Post-Employment Economy: Record Unemployment Among Tech, Advanced Degree Holders
Concerned that your college major choice was a mistake? It might not matter. In an editorial on AlJazeera.com, author Sarah Kendzior suggests that the United States has entered a post-employment economy – one in which education and skills have become increasingly less valued. Kendzior notes that what were once the most in-demand market jobs are quickly eroding and, because of an increase in qualified candidates, people are being devalued on the free market. “In a post-employment economy,” she writes, “survival is now a laudable aspiration.”
The myth your parents and guidance counselor hammered into your head may be wrong. A good education does not mean gainful employment, at least not in the modern economy. With nearly 15 percent of graduates with information systems degrees out of work, the education that used to be a key to a gainful career is no longer enough to keep you employed. According to official numbers, people with degrees in science, technology, engineering, and medicine are seeing record joblessness and unemployment rates twice as high as they were before the recession. Only about 55 percent of recent law school graduates have found full-time jobs. Even military jobs are being cut with wars winding down and spending cuts in full swing.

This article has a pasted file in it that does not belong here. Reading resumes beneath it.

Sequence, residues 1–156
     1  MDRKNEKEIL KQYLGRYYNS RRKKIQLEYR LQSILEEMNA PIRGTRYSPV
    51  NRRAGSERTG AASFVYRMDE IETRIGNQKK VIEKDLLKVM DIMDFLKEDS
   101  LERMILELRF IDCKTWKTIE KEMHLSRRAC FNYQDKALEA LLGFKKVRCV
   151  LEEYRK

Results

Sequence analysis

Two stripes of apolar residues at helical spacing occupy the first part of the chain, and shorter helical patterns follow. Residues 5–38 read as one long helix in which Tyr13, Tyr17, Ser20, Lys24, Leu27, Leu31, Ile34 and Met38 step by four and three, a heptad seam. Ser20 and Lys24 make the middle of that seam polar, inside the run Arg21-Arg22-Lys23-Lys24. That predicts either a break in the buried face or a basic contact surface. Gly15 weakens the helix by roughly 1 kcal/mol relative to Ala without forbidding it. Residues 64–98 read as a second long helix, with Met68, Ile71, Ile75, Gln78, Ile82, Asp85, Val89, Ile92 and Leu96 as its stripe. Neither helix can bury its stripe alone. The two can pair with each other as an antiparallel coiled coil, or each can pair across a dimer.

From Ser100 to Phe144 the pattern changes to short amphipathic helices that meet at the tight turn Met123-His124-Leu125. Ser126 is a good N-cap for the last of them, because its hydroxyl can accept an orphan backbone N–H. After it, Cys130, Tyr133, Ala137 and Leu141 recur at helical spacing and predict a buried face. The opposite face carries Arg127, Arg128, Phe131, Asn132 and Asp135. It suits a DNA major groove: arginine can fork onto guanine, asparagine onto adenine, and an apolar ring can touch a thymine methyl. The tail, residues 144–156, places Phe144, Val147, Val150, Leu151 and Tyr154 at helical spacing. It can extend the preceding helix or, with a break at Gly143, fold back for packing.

If a bachelor’s degree is no longer worth as much, surely the solution would be an advanced degree. Kendzior points out, however, that academics with PhDs are among the most devalued in this economy. Since 2009, the majority of college disciplines have cut 40 percent of their teaching positions and 76 percent of professors have no job security.
Certainly, there are some majors that don’t lend themselves well to consistent employment. Fine arts degree holders see a 16.2 percent unemployment rate. History majors have a 15.1 percent unemployment rate. On the other hand, architecture, computer administration, and military technologies degree holders all have unemployment rates above 10 percent as well. Engineering degree holders have an unemployment rate of 9.2 percent, well above the national average.
It’s a different economy than the one your family and school prepared you for. As Sarah Kendzior notes, survival has become an aspiration.